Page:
To bloggers outside Microsoft: it’s not healthy when things get hyped up so much. Whenever a company does this (whether it’s the one I work for, or another company), ask some tough questions. I have a ton. What is this? Who will want it? When will it be purchasable? When will there be decent quantities on the shelf? What are its limitations? Who’ll think it sucks? Who’ll think it rocks? Are any real customers using it yet? What will the price be? What will the real price be (after you deck it out to work properly?) When will we be able to get our hands on one? Does it have a chance in the marketplace? Why? Will Patrick Scoble want one of these instead of a video iPod? Why? (And, yes, as soon as I have one in my hands I’m gonna show it to Patrick and see if we have a clue).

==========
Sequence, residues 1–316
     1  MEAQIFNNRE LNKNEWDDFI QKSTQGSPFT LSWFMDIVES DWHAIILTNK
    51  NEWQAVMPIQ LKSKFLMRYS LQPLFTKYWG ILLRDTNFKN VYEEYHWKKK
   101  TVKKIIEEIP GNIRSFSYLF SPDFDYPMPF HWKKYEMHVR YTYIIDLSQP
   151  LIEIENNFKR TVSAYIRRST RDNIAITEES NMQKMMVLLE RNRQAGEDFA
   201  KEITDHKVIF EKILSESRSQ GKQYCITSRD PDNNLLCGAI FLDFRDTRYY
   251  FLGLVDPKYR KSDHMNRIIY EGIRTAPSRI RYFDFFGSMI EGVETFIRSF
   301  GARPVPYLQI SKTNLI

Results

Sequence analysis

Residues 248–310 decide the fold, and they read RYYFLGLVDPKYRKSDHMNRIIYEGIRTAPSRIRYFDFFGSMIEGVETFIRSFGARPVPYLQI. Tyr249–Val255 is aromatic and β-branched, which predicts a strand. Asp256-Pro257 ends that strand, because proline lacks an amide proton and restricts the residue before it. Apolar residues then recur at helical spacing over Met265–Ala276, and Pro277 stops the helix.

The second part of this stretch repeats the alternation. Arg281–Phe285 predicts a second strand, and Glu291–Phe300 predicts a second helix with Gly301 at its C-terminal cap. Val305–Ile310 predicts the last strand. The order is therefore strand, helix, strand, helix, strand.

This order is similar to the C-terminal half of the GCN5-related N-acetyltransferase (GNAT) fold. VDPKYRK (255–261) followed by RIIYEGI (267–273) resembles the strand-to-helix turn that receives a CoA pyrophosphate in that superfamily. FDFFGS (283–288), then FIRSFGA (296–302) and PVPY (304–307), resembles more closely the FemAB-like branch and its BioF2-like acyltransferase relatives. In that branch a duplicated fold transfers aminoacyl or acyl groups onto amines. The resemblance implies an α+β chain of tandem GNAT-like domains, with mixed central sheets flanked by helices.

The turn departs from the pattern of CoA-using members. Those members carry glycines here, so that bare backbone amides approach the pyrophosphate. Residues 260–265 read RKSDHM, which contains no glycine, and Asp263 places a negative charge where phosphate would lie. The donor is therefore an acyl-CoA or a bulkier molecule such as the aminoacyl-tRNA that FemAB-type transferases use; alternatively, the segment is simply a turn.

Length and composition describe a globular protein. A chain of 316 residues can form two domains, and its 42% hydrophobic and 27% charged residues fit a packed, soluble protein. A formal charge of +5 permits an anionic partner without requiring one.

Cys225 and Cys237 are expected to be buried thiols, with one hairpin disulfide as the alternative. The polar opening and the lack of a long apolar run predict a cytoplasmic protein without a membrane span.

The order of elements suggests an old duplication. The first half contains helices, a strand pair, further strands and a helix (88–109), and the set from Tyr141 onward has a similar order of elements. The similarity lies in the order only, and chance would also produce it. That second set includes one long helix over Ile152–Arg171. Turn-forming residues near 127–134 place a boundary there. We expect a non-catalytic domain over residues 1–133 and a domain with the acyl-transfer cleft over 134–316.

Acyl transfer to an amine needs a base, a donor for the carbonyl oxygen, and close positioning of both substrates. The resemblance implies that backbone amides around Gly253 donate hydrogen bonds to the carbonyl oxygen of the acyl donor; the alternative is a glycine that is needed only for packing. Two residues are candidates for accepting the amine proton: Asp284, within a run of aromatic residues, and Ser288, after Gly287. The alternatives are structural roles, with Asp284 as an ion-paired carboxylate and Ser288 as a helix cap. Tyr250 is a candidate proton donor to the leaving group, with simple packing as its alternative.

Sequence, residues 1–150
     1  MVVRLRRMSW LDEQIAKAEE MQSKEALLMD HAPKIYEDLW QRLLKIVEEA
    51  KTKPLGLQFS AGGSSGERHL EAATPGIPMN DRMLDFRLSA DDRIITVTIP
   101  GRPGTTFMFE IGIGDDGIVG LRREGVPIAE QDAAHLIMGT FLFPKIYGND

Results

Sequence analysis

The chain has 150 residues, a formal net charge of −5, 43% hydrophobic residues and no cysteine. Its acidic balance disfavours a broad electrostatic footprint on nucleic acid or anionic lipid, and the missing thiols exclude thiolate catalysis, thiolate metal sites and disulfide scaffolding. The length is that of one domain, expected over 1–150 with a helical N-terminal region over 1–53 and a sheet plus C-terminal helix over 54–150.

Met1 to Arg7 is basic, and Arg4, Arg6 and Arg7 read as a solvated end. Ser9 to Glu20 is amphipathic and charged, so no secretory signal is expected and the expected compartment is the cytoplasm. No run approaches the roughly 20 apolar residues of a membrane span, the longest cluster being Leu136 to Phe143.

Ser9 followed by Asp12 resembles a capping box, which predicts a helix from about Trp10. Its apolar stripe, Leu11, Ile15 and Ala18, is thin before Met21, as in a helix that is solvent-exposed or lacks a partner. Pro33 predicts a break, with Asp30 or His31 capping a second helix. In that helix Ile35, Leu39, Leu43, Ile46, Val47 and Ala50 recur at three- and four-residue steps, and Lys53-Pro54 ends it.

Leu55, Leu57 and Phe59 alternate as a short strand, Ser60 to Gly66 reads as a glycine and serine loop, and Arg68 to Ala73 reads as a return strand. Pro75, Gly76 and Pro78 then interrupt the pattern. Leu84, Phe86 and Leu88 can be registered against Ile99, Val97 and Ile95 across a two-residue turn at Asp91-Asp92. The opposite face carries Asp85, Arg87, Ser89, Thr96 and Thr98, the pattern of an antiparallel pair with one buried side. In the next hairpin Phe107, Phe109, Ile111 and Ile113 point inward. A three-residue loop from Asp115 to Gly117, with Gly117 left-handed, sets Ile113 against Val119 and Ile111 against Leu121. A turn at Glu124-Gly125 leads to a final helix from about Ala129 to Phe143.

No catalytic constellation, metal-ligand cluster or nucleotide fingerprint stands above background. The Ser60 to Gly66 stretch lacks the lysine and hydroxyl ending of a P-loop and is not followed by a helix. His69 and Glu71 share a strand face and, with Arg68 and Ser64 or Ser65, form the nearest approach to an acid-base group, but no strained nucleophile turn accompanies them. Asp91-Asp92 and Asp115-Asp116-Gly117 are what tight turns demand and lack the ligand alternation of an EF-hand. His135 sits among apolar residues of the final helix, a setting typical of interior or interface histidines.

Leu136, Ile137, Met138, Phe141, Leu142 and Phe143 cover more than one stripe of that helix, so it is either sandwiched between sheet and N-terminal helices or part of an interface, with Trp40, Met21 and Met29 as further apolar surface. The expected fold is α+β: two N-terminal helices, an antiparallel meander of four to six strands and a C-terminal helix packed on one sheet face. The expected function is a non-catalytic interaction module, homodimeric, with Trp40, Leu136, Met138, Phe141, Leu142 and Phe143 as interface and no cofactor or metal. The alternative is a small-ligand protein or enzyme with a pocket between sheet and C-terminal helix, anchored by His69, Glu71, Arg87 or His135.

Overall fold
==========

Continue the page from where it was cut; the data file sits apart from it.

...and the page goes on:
Anyway, it’s gonna be a fun week. And not just because of Origami stuff. See ya in New York!

The word-of-mouth killer product of CES


I asked dozens of people “what did you see at CES that you’d spend your own money on?” I also asked “what was the coolest thing you saw?”

Most people stammered on both answers, but yesterday I started hearing about the Celestron SkyScout so Buzz, Shel, and I went over to the Sands to check it out.

It wins my award for the single coolest thing I saw at the show. By far. I’m not alone, either. Shel and Buzz were both speechless when they saw it.

What is it?

Well, for that I asked the inventor, Mike Lemp about it. Here’s a picture of Mike with Shel holding a SkyScout.

Mike and his team has been working on this for five years. It is a revolutionary product. One that you’ll want the first time you play with it. I’m buying one.